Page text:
CBBM Lecture "Liking versus wanting for food in individuals at risk of overeating"

by Prof. Graham Finlayson,

Institute of Psycholigical Sciences,

University of Leeds


The pleasure associated with high energy foods is a strong determinant of food choice and shown to modulate appetite and food intake. In a series of studies, we have investigated the effect of high or low fat containing foods (sweet or non-sweet tasting) on hedonics, satiety and food intake; and according to individual differences in psycho-biological markers underlying susceptibility to overeating. Importantly, an experimental procedure has been developed to evaluate the strength of liking and wanting in human subjects using a range of visual food stimuli varying in sweetness and fattiness (1).

Susceptibility to overeating can be measured using psychometric eating behaviour scales or inferred from excess levels of body fat. Both indices are positively associated with liking and particularly wanting for high fat relative to low fat food (2). Furthermore, in obese adults, fasting leptin concentrations are positively associated with wanting for high fat foods independent of individual adiposity, consistent with the hypothesis that resistance to leptin could weaken satiety and enhance the hedonic preference for high fat food (3).

The eating behaviour traits of disinhibition and binge eating are common measures of susceptibility to overeating and higher scores are associated with weaker satiety and enhanced wanting for high fat and sweet tasting foods. When provided with a test buffet containing a variety of palatable foods, women with high scores specifically select those foods in the sweet-high fat combination (4). Interestingly, subjects with these traits have also been shown to consume excess amounts of food after consuming a fixed preload of sweet food, but show normal eating after savoury or bland tasting preloads (5).

These results have shown, that certain individuals (susceptible to overeating) show a tendency to prefer, and to consume, the high sweet/high fat combination, indicating an impact on hedonics and satiation (during consumption). It also appears that sweetness (as a sensory preload) has the capacity to reinforce its own consumption and can exert effects after consumption (during satiety) by increasing wanting rather than liking for sweet/high fat foods.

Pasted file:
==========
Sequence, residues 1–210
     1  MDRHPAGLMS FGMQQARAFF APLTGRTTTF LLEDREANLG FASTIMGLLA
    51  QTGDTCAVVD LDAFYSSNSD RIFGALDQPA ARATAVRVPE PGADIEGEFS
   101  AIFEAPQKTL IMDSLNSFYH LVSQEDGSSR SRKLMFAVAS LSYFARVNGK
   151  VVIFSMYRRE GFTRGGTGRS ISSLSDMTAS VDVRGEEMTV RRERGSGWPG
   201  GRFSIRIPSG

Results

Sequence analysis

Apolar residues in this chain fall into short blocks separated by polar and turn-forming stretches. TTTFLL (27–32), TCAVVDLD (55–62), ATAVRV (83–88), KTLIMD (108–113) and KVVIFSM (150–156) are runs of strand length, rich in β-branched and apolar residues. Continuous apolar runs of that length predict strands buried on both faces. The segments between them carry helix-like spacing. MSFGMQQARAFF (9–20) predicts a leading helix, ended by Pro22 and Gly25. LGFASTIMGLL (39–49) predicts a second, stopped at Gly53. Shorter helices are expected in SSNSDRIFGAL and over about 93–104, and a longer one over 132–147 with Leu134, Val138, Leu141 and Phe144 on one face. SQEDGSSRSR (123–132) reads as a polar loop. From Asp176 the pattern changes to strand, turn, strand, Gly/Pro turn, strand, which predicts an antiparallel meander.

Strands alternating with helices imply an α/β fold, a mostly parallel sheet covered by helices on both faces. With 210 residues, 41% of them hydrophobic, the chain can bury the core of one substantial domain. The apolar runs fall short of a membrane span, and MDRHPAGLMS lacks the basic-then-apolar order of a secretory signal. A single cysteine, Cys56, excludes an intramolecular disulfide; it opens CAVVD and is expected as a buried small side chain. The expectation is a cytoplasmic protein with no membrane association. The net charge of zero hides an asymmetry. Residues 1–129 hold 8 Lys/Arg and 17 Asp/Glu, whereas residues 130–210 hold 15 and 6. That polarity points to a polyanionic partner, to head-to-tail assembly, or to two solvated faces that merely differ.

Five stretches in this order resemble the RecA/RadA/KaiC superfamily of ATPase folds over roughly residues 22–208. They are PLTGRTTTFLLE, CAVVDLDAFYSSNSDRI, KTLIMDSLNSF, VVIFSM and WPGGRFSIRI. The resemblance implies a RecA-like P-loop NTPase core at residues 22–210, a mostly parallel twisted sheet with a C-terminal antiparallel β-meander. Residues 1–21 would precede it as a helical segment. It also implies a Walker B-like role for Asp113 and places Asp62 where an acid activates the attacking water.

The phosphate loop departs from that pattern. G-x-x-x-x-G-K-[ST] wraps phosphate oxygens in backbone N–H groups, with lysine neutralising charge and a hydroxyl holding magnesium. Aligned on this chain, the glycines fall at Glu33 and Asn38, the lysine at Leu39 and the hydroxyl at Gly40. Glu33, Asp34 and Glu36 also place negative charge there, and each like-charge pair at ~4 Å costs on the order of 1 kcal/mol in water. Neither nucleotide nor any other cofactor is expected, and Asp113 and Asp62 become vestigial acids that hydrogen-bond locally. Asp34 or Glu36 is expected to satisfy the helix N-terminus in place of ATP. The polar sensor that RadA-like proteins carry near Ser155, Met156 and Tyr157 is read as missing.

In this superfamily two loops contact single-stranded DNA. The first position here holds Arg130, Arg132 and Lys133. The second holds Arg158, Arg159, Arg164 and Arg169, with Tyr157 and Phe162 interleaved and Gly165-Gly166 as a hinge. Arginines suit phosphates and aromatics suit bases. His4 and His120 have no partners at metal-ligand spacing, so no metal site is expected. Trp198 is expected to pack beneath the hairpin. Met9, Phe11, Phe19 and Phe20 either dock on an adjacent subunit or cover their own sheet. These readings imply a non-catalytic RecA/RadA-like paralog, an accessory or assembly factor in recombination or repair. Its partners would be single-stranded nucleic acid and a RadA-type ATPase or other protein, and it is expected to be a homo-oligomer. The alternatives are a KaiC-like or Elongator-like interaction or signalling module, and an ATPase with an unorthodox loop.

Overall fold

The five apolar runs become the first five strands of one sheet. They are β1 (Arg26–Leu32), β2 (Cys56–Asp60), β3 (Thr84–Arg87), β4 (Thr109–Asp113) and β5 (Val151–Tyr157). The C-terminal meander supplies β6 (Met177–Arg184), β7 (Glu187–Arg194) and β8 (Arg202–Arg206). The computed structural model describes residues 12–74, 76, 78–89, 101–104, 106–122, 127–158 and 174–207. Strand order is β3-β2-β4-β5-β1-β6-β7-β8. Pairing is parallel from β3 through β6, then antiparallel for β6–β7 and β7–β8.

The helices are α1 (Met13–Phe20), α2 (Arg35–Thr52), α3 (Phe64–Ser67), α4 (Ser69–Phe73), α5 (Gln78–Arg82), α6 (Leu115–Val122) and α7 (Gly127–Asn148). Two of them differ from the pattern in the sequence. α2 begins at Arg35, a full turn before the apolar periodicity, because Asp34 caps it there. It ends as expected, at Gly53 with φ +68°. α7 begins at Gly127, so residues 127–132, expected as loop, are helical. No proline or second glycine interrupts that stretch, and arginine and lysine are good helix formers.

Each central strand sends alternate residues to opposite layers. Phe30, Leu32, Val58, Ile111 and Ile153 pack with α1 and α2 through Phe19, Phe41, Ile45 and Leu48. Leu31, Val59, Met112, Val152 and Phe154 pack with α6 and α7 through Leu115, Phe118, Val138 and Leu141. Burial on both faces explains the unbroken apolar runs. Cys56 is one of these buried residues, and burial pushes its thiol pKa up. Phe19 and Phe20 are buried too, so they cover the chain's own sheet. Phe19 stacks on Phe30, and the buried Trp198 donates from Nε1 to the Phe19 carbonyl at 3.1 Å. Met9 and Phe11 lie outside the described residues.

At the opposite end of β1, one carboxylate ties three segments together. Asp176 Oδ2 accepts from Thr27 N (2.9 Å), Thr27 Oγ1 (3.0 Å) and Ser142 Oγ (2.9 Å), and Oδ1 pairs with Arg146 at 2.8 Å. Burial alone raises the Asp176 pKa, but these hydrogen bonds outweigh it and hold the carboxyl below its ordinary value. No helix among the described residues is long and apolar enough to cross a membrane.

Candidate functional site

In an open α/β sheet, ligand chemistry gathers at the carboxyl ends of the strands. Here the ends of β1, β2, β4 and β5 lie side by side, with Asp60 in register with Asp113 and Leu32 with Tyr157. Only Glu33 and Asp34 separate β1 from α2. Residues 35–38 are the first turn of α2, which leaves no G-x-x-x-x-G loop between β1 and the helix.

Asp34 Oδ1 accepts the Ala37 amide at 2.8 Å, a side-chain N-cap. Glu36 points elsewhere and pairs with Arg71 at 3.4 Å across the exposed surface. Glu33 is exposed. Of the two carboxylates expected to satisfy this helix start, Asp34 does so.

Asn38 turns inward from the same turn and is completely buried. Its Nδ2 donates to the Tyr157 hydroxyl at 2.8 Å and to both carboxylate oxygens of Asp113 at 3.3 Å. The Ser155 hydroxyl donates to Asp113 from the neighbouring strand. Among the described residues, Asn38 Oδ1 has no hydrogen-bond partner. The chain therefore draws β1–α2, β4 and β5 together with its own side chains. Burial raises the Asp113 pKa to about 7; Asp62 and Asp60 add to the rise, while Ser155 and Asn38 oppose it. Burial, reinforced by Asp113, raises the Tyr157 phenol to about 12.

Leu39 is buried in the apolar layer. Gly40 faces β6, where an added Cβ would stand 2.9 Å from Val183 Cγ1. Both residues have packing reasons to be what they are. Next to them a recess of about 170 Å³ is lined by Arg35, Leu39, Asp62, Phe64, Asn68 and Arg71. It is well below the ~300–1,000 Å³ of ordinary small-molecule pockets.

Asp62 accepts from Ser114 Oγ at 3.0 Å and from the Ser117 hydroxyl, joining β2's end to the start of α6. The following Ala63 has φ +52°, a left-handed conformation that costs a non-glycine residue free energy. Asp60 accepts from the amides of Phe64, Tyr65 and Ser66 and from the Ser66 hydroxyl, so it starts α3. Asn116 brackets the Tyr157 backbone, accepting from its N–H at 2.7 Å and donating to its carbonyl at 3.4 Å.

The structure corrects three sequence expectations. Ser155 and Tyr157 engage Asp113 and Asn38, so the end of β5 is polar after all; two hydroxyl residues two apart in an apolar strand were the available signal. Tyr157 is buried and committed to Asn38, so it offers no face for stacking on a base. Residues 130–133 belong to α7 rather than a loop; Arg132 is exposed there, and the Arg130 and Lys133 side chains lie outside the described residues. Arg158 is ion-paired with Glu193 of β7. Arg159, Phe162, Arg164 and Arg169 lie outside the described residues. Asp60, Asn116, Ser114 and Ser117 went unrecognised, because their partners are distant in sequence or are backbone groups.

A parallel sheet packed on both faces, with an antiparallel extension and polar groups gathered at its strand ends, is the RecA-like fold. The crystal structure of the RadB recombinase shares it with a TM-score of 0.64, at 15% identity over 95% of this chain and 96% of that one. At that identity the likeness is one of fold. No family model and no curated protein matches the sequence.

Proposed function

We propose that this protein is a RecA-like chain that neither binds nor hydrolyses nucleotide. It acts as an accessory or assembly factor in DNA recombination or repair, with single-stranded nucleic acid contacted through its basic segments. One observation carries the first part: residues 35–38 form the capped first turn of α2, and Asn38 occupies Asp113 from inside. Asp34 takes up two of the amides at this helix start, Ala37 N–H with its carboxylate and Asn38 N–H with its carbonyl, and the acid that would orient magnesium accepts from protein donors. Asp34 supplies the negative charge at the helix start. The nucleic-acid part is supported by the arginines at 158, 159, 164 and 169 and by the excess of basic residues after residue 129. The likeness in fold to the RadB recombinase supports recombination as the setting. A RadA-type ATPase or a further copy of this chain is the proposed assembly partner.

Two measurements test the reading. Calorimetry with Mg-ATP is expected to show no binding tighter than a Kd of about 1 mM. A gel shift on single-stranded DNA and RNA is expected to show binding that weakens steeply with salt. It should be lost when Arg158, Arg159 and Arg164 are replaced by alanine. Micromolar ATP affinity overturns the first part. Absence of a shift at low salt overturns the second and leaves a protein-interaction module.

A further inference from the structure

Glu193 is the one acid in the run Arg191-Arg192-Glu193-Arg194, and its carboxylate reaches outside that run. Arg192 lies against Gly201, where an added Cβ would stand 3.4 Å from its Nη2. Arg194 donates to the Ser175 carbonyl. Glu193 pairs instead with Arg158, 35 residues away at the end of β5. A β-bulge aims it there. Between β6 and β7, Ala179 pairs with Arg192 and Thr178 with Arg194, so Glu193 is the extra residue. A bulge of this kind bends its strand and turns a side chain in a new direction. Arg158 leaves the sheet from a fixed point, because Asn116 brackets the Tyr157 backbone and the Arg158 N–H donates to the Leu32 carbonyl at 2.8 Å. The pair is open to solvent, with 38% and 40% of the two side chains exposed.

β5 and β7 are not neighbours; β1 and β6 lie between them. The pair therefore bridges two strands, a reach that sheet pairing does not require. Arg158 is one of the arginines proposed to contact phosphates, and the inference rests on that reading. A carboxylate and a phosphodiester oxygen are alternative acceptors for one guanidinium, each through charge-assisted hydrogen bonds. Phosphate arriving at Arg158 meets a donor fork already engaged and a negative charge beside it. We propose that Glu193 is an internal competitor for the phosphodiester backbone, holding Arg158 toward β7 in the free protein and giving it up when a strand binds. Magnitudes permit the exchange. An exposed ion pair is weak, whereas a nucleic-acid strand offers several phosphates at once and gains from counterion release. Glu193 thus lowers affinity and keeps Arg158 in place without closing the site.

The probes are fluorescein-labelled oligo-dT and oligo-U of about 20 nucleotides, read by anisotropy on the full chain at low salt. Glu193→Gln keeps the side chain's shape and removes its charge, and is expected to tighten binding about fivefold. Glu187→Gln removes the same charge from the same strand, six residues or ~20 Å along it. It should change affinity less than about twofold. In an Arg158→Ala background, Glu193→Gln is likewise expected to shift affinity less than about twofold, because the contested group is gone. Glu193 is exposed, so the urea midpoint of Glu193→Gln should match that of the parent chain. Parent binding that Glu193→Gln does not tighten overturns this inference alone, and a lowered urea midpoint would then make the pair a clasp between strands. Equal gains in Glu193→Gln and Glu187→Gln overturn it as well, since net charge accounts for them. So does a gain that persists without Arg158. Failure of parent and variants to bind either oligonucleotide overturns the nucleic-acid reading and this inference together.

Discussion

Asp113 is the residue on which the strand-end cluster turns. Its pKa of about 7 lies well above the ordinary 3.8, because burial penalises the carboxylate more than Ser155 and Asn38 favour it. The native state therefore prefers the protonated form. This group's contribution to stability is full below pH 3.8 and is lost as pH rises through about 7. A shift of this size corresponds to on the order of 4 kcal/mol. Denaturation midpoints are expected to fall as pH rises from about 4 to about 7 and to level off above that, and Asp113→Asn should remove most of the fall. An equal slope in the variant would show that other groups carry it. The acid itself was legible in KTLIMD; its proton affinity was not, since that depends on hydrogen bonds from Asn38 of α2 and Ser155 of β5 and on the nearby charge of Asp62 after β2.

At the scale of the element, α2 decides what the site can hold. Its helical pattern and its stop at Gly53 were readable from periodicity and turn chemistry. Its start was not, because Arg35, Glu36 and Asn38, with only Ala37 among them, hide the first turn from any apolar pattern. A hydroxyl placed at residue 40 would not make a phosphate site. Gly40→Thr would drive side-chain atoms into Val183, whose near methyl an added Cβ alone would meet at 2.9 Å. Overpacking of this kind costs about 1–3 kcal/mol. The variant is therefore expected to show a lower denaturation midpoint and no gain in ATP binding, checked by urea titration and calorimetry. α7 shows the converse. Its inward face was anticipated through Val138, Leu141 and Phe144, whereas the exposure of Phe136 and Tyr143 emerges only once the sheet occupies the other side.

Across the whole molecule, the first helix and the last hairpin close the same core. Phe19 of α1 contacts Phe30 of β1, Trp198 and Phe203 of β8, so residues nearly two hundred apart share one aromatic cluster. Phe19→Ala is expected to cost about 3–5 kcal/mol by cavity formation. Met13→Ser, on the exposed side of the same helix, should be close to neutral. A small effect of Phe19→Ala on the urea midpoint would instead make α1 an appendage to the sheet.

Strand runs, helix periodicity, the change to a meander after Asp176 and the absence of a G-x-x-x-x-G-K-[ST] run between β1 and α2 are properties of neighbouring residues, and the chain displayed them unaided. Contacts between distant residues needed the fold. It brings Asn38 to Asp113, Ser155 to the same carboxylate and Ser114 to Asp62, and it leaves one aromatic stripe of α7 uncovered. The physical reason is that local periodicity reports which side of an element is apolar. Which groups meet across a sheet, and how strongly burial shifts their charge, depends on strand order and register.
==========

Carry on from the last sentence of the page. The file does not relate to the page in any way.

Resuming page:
Learning objectives

  • To learn about the effect of fat and (savoury or sweet) taste on appetite control.
  • To be updated on methodology to examine satiation, satiety and food hedonics (liking and wanting).
  • To understand how individual differences in susceptibility to overeating can interact with taste and fat content to influence hedonics, satiety and appetite control.

Key references

1)       Finlayson G, King, N, Blundell JE. (2007). Is it possible to dissociate ‘liking’ and ‘wanting’ for foods in humans? A novel experimental procedure. Physiology & Behavior, 90:36-42.

2)       Dalton M, Blundell JE, Finlayson G. (Under review). Effect of BMI and Binge Eating on Food Reward and Energy Intake: Further Evidence for a Binge Eating Subtype of Obesity. Obesity Facts.

3)       Finlayson G, Gibbons CH, Caudwell P, Naslund E, Blundell JE. (2013). Fasting leptin concentrations are associated with hedonic preference for high fat food in obese adults independent of adiposity or energy requirements. Presented at 20th European Congress on Obesity, Liverpool, UK.

4)       Finlayson G, Arlotti A, Dalton M, King N, Blundell J. (2011). Implicit wanting and explicit liking are markers for trait binge eating. A susceptible phenotype for overeating. Appetite, 57:722-728.

5)       Finlayson G, Bordes I, Griffioen-Roose S, de Graaf C, Blundell JE. (2012). Susceptibility to Overeating Affects the Impact of Savory or Sweet Drinks on Satiation, Reward, and Food Intake in Nonobese Women. Journal of Nutrition, 142:1-6.


Graham Finlayson is Associate Professor in Biopsychology at the Institute of Psychological Sciences, Faculty of Medicine & Health, University of Leeds, UK. He is experienced in monitoring behavioural issues concerning appetite control, in particular hedonic processes driving food choice and food preference. His recent research is examining psychological and behavioural parameters of hunger/satiety and food reward (liking and wanting) in relation to genetic polymorphisms, gut hormones and metabolism during energy deficit. He specialises in two themes within the psychobiology of human motivation. Theme 1: In the study of Food Reward he has developed an international reputation. He is proprietor of a well-recognised behavioural task – the Leeds Food Preference Questionnaire (a.k.a. Liking and Wanting task). Theme 2: In the study of the interaction between energy intake and energy expenditure he is coordinator of a physical activity based research program. His research involves the assessment of eating behaviours, cognitions, physiology, metabolism and genes in relation to body composition and energy balance. He has published over 70 peer-reviewed research papers with +1,300 citations and has an h-index of 17.